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Role of mucus-bacteria interactions in Enterotoxigenic Escherichia coli (ETEC) H10407 virulence and interplay with human microbiome

Abstract : The intestinal mucus layer has a dual role in human health constituting a well-known microbial niche that supports gut microbiota maintenance but also acting as a physical barrier against enteric pathogens. Enterotoxigenic Escherichia coli (ETEC), the major agent responsible for traveler's diarrhea, is able to bind and degrade intestinal mucins, representing an important but understudied virulent trait of the pathogen. Using a set of complementary in vitro approaches simulating the human digestive environment, this study aimed to describe how the mucus microenvironment could shape different aspects of the human ETEC strain H10407 pathophysiology, namely its survival, adhesion, virulence gene expression, interleukin-8 induction and interactions with human fecal microbiota. Using the TNO gastrointestinal model (TIM-1) simulating the physicochemical conditions of the human upper gastrointestinal (GI) tract, we reported that mucus secretion and physical surface sustained ETEC survival, probably by helping it to face GI stresses. When integrating the host part in Caco2/HT29-MTX co-culture model, we demonstrated that mucus secreting-cells favored ETEC adhesion and virulence gene expression, but did not impede ETEC Interleukin-8 (IL-8) induction. Furthermore, we proved that mucosal surface did not favor ETEC colonization in a complex gut microbial background simulated in batch fecal experiments. However, the mucus-specific microbiota was widely modified upon the ETEC challenge suggesting its role in the pathogen infectious cycle. Using multi-targeted in vitro approaches, this study supports the major role played by mucus in ETEC pathophysiology, opening avenues in the design of new treatment strategies.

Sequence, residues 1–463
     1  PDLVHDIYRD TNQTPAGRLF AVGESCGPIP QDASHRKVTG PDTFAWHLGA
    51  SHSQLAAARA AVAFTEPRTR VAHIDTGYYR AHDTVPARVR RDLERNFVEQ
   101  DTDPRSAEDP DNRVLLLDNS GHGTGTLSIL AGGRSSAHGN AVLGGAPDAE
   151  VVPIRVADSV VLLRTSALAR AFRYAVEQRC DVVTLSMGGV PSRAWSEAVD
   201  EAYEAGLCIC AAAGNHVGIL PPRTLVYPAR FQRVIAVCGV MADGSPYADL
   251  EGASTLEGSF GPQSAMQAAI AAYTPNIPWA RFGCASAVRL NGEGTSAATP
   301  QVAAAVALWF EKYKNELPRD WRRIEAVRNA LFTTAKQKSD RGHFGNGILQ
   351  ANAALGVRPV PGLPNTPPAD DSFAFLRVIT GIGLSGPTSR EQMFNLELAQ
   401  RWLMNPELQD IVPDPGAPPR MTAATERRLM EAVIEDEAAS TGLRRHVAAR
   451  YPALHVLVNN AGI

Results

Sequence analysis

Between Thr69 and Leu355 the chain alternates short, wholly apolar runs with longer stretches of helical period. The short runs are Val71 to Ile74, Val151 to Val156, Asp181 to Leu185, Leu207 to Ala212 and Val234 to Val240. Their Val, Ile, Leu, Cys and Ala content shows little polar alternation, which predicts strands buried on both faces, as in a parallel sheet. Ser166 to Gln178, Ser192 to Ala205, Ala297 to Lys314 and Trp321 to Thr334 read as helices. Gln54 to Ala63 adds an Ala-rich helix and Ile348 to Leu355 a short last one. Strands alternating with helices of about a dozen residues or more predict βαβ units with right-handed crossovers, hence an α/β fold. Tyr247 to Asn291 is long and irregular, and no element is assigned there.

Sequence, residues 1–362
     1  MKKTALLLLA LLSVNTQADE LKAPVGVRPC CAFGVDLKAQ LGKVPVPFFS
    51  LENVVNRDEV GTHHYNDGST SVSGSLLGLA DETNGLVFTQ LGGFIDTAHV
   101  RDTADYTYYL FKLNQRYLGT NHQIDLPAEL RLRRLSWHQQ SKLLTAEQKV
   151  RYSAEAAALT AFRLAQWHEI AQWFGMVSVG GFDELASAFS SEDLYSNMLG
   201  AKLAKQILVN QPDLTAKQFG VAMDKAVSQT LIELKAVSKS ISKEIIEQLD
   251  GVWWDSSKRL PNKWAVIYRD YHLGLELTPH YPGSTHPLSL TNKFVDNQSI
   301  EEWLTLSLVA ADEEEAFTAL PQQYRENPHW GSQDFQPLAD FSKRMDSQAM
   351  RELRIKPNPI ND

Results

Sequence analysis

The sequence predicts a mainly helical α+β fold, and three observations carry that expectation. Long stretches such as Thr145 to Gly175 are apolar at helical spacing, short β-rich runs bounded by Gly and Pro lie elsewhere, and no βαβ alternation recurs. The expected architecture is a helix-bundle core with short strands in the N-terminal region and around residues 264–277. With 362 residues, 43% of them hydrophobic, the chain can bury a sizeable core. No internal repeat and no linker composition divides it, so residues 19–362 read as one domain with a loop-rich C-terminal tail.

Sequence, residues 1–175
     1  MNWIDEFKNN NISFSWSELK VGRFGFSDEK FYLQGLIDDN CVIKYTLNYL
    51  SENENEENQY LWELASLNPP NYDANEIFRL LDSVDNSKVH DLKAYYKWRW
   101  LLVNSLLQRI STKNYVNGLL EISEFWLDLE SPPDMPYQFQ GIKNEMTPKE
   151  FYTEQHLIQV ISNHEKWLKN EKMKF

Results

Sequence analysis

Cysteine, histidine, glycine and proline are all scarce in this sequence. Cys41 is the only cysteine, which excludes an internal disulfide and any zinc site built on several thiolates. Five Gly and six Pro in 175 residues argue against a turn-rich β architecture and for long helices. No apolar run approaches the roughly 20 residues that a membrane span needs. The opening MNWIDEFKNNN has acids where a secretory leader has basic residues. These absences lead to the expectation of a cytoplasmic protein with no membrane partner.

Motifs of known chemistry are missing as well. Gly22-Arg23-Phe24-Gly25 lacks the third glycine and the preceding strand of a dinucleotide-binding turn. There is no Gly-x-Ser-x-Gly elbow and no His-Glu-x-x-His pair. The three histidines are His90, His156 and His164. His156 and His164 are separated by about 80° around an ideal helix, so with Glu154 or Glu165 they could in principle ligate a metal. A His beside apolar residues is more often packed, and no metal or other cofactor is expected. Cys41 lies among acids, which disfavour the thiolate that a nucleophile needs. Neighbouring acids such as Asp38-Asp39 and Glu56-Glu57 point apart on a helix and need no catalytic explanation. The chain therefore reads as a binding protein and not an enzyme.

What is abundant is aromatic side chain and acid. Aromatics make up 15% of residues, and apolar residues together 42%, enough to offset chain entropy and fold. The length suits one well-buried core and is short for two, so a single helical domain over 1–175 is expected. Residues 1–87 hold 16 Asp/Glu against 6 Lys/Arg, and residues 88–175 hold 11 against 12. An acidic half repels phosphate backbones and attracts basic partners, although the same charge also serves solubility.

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Contributor : Stéphanie DUTILLOY Connect in order to contact the contributor
Submitted on : Friday, October 28, 2022 - 9:25:12 AM
Last modification on : Wednesday, November 16, 2022 - 7:00:09 PM


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Thomas Sauvaitre, Josefien van Landuyt, Claude Durif, Charlène Roussel, Adeline Sivignon, et al.. Role of mucus-bacteria interactions in Enterotoxigenic Escherichia coli (ETEC) H10407 virulence and interplay with human microbiome. npj Biofilms and Microbiomes, 2022, 8 (1), pp.86. ⟨10.1038/s41522-022-00344-6⟩. ⟨hal-03832893⟩



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